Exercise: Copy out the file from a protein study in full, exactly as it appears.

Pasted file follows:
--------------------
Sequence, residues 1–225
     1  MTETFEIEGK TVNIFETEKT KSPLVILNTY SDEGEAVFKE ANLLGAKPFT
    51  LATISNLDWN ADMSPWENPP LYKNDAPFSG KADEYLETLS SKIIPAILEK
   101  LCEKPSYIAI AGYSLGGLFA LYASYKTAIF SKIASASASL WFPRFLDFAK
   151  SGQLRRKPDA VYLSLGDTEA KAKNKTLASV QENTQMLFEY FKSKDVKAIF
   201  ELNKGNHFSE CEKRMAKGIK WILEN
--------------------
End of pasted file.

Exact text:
Sequence, residues 1–225
     1  MTETFEIEGK TVNIFETEKT KSPLVILNTY SDEGEAVFKE ANLLGAKPFT
    51  LATISNLDWN ADMSPWENPP LYKNDAPFSG KADEYLETLS SKIIPAILEK
   101  LCEKPSYIAI AGYSLGGLFA LYASYKTAIF SKIASASASL WFPRFLDFAK
   151  SGQLRRKPDA VYLSLGDTEA KAKNKTLASV QENTQMLFEY FKSKDVKAIF
   201  ELNKGNHFSE CEKRMAKGIK WILEN